At least 270 people have tested positive for the virus in the state, mostly around its largest cities, and Gov. Mark Gordon has imposed a series of restrictions, including closures of public schools and bans on gatherings of 10 or more people, that will stay in effect until at least April 30.
The virus has likely infected more people, but testing issues have almost certainly kept the authorities and the public from understanding the full scope of the virus’s spread in Wyoming. The state health officer acknowledged this month that necessary materials were in “very short supply.”
Mr. Trump approved a federal disaster declaration for Wyoming over the weekend, opening a spigot of aid money and marking the first time in U.S. history that a disaster had been declared in every state simultaneously.
“Though Wyoming has not reached the dire situations of some states, this declaration will help us to prepare and mobilize resources when we need them,” Mr. Gordon said last week after he asked Mr. Trump to approve the declaration.
American Samoa, a U.S. territory, is the only other part of the country without a death that has been blamed on the virus. No infections have been reported there.
Oil-producing nations reach a deal to slash output.
Oil-producing nations on Sunday agreed to the largest production cut ever negotiated, in a coordinated effort by Russia, Saudi Arabia and the United States to stabilize oil prices and, indirectly, global financial markets.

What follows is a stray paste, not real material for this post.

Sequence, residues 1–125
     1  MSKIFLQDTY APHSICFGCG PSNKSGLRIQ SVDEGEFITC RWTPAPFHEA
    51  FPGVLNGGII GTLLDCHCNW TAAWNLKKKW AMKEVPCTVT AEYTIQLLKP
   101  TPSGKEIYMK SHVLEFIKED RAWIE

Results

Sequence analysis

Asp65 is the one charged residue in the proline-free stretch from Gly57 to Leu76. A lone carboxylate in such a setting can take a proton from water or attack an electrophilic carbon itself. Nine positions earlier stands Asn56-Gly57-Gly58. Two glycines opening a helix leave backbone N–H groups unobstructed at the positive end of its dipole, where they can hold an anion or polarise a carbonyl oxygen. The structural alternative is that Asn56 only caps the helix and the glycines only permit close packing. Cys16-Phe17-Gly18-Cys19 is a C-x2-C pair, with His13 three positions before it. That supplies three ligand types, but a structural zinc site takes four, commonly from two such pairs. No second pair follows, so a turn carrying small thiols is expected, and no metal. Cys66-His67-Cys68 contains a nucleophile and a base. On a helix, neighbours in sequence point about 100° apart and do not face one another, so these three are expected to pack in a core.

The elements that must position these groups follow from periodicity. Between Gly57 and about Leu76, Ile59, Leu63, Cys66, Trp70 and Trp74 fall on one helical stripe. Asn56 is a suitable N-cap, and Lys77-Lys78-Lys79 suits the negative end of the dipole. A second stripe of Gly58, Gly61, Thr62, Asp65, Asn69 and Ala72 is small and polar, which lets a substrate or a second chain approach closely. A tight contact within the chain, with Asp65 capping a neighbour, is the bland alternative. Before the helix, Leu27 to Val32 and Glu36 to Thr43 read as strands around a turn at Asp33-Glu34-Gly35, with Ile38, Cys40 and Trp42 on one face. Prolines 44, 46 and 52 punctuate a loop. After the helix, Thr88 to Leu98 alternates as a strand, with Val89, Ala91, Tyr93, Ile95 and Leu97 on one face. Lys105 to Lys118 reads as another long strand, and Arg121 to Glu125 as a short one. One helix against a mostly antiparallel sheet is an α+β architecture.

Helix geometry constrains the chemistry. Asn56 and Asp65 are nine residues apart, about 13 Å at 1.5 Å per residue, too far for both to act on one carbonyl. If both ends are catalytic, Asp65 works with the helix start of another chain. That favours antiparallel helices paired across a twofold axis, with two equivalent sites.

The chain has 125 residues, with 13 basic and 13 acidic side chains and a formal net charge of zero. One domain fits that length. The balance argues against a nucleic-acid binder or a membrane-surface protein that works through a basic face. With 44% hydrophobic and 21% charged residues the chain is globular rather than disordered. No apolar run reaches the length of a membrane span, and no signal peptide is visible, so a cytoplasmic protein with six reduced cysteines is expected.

Russia and Saudi Arabia typically take the lead in setting global production goals. But Mr. Trump, facing a re-election campaign, a plunging economy and American oil companies struggling with collapsing prices, took the unusual step of getting involved after the Moscow and Riyadh entered a price war a month ago. Mr. Trump had made an agreement a key priority.
It was unclear, however, whether the cuts would be enough to bolster prices. Before the coronavirus crisis, 100 million barrels of oil each day fueled global commerce, but demand is down about 35 percent. While significant, the cuts agreed to on Sunday still fall far short of what is needed to bring oil production in line with demand.
The plan by OPEC, Russia and other allied producers in a group known as OPEC Plus will slash 9.7 million barrels a day in May and June, or close to 10 percent of the world’s output.
‘The player-coaches for the real world.’
As Americans hunker down during the pandemic, free fitness workouts, many of them delightfully low-tech, have multiplied on social media platforms.
Reporting was contributed by Tim Arango, Mike Baker, Peter Baker, Alan Blinder, Jonah Engel Bromwich, Emily Cochrane, Michael Cooper, Jason DeParle, Richard Fausset, Ellen Ann Fentress, Sandra E. Garcia, Thomas Gibbons-Neff, Maggie Haberman, Christine Hauser, Jack Healy, Jan Hoffman, John Ismay, Sheila Kaplan, Annie Karni, Clifford Krauss, Adam Liptak, Jeffery C. Mays, Jesse McKinley, Aimee Ortiz, Alan Rappeport, Dagny Salas, Marc Santora, Karen Schwartz, Eliza Shapiro, Michael D. Shear, Knvul Sheikh, Eileen Sullivan, Vanessa Swales, Jim Tankersley, Katie Thomas and Michael Wines.
Source link Most Shared